A lot of people would have wanted to see other retailers here, but, sadly, our close proximity to Cribbs Causeway means that the likes of Next and Marks & Spencer have never seriously considered coming to Bradley Stoke when they are able to trade from one of the country’s top regional shopping centres just two miles away.
What have been the low and high points of your time at the Willow Brook Centre?
Compared to what has happened elsewhere, we’ve lost a relatively small number of traders over the last few years. [Ed: These have included Curves, Nationwide, Panasonic and Peacocks] To lose a retailer of the quality of Panasonic was very disappointing, especially when you’re trying to maintain a balance of value and mainstream outlets and not become biased towards one end of the spectrum.
What has been very positive, however, is that whenever a unit has become available, there have always been one, two or sometimes three interested parties, meaning that we have been able to re-let within a few months. Actually we’ve had far fewer “casualties” than other local schemes, such as Yate and Thornbury, and are proud to have been between 98% and 100% ‘let’ over the last three years, which is better than any other shopping centre in the south west.
A high point has got to be our achievements in the area of waste management during 2013, for which we have won a number of national awards. Within a short space of time we reduced the amount of waste going to landfill from a relatively high value to just 5%, a value that hasn’t been seen for many, many years in the industry. And in terms of our general sustainability, we’ve been able to reduce gas usage by 80%, electricity usage by 35% and water usage by 15% – figures which even the largest shopping centres have been unable to match. In fact, it’s really a double success, because the savings have been achieved over a time period in which the numbers of retailers and customers have grown.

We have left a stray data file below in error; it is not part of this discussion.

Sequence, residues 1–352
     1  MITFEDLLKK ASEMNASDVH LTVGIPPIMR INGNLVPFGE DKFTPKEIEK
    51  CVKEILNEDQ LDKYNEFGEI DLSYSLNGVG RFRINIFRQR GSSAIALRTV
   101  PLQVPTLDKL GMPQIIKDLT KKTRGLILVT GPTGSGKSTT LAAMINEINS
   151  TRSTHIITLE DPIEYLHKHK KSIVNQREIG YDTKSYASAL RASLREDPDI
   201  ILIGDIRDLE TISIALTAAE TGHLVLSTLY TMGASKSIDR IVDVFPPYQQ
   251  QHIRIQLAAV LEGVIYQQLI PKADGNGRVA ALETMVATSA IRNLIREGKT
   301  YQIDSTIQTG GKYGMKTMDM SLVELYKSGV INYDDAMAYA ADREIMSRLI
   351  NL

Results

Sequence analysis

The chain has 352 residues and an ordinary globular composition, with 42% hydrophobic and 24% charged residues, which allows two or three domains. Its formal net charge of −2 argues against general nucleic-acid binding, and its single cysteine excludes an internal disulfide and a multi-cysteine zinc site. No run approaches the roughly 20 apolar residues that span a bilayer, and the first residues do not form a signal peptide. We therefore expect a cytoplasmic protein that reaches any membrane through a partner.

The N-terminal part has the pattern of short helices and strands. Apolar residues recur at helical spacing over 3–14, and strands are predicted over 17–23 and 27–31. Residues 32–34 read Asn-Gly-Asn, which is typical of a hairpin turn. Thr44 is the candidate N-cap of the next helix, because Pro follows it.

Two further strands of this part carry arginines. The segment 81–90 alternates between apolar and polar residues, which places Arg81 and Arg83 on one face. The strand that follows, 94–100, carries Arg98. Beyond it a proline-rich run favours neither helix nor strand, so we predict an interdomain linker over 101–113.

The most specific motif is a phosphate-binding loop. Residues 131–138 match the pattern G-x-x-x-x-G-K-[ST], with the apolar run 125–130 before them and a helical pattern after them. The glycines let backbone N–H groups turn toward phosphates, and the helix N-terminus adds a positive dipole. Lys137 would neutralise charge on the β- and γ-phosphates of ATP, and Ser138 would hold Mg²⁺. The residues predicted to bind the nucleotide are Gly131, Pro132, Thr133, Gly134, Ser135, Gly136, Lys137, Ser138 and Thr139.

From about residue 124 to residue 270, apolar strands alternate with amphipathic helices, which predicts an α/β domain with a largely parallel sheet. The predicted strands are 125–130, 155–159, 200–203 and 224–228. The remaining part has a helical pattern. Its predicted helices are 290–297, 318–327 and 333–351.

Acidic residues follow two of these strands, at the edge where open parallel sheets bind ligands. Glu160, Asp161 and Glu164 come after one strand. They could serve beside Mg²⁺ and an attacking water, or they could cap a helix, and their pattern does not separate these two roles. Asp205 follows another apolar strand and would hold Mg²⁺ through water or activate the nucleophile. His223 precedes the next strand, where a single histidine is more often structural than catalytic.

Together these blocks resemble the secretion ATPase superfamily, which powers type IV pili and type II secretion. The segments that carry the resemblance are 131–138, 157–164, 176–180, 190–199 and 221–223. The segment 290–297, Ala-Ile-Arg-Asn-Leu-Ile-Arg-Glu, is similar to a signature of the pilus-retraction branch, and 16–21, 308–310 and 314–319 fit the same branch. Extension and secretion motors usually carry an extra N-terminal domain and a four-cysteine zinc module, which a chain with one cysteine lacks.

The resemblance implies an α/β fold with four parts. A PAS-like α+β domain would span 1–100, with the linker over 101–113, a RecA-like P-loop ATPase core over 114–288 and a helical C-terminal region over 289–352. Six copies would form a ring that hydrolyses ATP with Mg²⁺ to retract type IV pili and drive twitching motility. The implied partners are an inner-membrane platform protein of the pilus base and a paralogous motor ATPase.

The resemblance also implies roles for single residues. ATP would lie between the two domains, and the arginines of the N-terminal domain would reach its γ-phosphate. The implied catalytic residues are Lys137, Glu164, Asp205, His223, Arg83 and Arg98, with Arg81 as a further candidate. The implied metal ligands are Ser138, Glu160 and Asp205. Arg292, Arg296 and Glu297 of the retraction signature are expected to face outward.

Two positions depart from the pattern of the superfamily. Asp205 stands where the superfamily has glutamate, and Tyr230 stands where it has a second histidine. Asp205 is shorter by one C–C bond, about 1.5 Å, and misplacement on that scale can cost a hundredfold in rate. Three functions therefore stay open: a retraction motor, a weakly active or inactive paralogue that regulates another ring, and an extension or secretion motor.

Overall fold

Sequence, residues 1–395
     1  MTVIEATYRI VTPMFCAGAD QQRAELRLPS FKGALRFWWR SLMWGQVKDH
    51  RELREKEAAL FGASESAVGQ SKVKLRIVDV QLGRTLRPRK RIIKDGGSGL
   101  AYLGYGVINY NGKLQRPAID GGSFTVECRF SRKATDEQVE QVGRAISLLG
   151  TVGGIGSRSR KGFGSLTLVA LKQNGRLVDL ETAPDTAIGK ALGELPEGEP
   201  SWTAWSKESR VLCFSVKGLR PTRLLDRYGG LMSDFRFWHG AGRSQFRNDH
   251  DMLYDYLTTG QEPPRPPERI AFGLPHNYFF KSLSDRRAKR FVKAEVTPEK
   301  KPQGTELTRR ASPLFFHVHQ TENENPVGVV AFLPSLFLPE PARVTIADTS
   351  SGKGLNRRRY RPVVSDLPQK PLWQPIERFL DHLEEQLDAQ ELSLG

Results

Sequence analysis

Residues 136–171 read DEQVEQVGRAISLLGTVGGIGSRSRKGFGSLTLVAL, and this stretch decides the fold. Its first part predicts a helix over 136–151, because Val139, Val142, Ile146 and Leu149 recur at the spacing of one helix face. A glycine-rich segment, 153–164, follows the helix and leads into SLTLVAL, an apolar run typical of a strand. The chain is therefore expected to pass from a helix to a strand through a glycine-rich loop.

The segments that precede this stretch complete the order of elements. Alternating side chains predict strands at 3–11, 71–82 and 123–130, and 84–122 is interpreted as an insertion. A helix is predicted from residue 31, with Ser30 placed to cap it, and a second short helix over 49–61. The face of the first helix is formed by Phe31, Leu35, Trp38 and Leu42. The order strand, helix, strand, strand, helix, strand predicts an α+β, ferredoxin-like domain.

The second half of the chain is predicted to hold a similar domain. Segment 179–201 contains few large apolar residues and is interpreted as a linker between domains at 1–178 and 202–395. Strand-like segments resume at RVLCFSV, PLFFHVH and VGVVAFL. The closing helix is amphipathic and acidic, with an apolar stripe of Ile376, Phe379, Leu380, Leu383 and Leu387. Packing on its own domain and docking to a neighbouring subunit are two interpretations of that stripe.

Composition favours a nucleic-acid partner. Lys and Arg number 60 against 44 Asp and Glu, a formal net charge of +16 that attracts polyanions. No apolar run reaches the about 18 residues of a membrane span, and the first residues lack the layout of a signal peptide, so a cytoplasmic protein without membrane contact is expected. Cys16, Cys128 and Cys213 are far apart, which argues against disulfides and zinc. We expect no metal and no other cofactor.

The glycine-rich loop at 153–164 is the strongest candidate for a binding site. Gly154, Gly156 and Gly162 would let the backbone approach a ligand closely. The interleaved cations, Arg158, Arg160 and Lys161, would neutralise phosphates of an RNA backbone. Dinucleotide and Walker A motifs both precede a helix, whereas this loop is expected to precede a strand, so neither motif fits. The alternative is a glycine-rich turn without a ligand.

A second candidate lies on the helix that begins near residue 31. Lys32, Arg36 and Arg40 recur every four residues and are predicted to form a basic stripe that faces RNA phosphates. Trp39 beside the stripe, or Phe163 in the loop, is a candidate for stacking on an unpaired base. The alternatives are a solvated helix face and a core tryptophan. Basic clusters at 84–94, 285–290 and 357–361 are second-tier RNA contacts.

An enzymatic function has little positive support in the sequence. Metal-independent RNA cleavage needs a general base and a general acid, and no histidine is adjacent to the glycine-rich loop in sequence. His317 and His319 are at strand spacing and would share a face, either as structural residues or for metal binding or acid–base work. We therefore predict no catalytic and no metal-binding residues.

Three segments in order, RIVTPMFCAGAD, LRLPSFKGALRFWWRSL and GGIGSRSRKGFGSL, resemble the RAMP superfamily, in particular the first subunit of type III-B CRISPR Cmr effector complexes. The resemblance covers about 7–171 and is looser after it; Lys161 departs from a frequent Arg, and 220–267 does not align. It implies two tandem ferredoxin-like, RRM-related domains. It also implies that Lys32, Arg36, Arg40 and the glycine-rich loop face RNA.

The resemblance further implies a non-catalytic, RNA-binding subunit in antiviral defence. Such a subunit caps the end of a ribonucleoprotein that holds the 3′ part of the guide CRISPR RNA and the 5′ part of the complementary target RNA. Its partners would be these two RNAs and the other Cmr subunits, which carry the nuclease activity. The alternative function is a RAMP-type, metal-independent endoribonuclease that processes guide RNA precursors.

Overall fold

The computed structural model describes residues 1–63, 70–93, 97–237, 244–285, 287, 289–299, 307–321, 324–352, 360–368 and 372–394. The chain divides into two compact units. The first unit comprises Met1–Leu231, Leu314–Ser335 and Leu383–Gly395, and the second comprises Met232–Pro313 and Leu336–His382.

Are you happy with the range of shops and services currently at the centre?
It’s always been our ambition to broaden the range of retailers at the centre. It’s disappointing that we haven’t been able to attract a big fashion store or sports outlet, but we will certainly continue to approach them.
The catering element at the centre has been hugely successful. Although we only have one coffee shop (Costa) and one sit-down restaurant (Harvester), both of them trade extremely well, and we’re currently looking at how we could expand our offering. This will be difficult, as we’re 100% let, but it may be, as the market continues to pick up, that we can look at ways of expanding the centre’s footprint. Alternatively, we may find that opportunities to bring in new catering and leisure retailers arise as leases expire.
The centre’s takeaway-orientated catering outlets (Subway, KFC, Domino’s and Greggs) have also been a hit with customers.
We were disappointed when the post office very publicly said they would not support any form of facility here, albeit we didn’t have a tenant lined up to take on a franchise. That was a shame, because it would have been a great service and we would have been prepared to support them by actively looking for a suitable tenant.